CHICAGO -- Candy aisles are enduring a sour moment. Of the 30% of shoppers who enter the confectionery aisle in c-stores, only 14.5% actually buy something, according to Mars Wrigley Confectionery’s C-Store Path to Purchase Insights. Moreover, 30% of shoppers who enter the aisle only do so as a pit stop while heading toward the beverage coolers.
Mars Wrigley's C-Store Path to Purchase Insights not only outlines current struggles for candy aisles, but it also discloses ways retailers can provide a holistic shopping experience to ultimately increase candy sales.
Jim Dodge, vice president of convenience for Mars Wrigley, said the insights provide a road map for shelving products based on how shoppers perceive a category.
“Mars Wrigley Confectionery has been working with retailers to develop customized recommendations to ensure they have strategic product placements where shoppers are already seeking out confections, gum and mints,” he said.
Here are four tips on how c-store operators can increase shoppers’ experiences and enhance confection sales, according to Mars Wrigley …
1. Focus on gum and chocolate innovation
Mars Wrigley Confectionery, which has a global hub in Chicago, suggests c-store operators focus on new products from the gum, mint, fruity candy and chocolate sectors to meet consumer demands and maximize profits. On average, gum is the most profitable segment within confectionery, followed by mints, fruity confections and chocolate, according to Mars Wrigley. And because chocolate and gum are the largest segments based on dollar sales and household penetration, retailers should lead with them to attract consumers to the candy aisle, Mars Wrigley said.
Shoppers are also attracted to unique packaging, furthering the need to display various packaging sizes and designs, the company said.
Photo courtesy of Sam Howzit.
2. Recognize purchase drivers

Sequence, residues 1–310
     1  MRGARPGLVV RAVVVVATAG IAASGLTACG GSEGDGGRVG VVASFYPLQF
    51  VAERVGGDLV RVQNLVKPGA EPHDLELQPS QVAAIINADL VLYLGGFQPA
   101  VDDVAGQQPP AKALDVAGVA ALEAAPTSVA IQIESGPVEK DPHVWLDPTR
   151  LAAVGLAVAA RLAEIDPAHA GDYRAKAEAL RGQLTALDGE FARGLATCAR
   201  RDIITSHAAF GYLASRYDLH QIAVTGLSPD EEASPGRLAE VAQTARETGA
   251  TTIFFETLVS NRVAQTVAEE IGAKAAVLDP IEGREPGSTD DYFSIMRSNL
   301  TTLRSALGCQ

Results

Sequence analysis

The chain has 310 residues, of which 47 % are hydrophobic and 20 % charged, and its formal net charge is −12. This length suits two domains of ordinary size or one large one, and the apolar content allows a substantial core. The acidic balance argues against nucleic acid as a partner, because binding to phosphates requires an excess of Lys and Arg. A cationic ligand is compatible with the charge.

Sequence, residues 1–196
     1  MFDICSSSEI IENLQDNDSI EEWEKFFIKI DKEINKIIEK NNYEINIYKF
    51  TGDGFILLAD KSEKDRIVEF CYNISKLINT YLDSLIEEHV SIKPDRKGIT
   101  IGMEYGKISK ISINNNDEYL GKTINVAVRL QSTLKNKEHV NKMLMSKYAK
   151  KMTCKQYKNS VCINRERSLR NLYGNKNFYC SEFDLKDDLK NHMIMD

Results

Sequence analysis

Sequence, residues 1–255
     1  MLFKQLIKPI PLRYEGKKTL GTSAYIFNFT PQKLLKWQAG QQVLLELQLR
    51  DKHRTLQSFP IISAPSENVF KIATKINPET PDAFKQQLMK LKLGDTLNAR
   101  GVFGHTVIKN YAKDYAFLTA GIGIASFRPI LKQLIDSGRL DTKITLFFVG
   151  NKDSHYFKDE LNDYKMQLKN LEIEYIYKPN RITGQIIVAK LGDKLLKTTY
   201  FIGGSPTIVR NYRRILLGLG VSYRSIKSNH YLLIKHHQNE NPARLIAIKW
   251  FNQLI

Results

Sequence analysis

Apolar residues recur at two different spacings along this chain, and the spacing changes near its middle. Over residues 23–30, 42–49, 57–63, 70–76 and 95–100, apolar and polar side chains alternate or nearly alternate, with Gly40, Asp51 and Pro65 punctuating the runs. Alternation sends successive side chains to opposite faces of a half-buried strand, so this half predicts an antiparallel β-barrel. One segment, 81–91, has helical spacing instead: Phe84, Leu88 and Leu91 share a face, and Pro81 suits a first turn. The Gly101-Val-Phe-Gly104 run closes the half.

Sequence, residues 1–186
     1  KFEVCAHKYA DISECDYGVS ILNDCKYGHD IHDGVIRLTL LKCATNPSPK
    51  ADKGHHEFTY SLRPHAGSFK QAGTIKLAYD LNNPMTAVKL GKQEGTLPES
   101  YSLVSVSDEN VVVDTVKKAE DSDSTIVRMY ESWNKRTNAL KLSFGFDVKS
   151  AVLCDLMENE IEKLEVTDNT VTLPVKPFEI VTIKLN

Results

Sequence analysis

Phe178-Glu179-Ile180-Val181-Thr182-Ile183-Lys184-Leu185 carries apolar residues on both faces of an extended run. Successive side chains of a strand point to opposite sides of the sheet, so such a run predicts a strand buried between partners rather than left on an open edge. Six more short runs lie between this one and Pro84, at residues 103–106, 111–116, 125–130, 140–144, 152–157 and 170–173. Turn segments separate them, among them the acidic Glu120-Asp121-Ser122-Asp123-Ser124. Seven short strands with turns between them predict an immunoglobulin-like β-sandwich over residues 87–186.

Acknowledging purchase drivers may also help c-store operators sway customers toward candy aisles. Package type is the top purchase driver for fruity confections, while brand type is the top purchase driver for chocolate, said Mars Wrigley. Chocolate is often purchased as a “for me” item, while fruity candies are often bought “for others” due to its various share sizes. This means purchase drivers for chocolate are individual-based, while those for fruity candies lean toward group settings, the company said.
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3. Merchandise wisely
Retailers should stock gum in bulk and in bottled packs since consumers chew more often when they can physically hold it, said Mars Wrigley. And the more shoppers use these packs, the faster they return to stores to buy more gum.
For chocolate, stocking popular brands together, such as Reese’s and M&M’s, helps consumers navigate shelves, because they’re often looking for these brands to begin with.
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4. Use out-of-aisle promotions
Having multiple interruption points stationed throughout high-traffic areas of the store may intrigue shoppers just enough to reel them into the candy aisle, said Mars Wrigley. Some of the company’s various promotional options that can achieve this include:
- Displays on pathways to and from coolers.
- Navigational signage on both sides of the candy aisle.
- Perimeter placements near destination categories.
- Cross-promotion by foodservice items.
- Top brands advertised on the lot during holidays.
- Pump toppers and gas TV advertisements for high-margin basket-builder categories.
Photo courtesy of pxhere.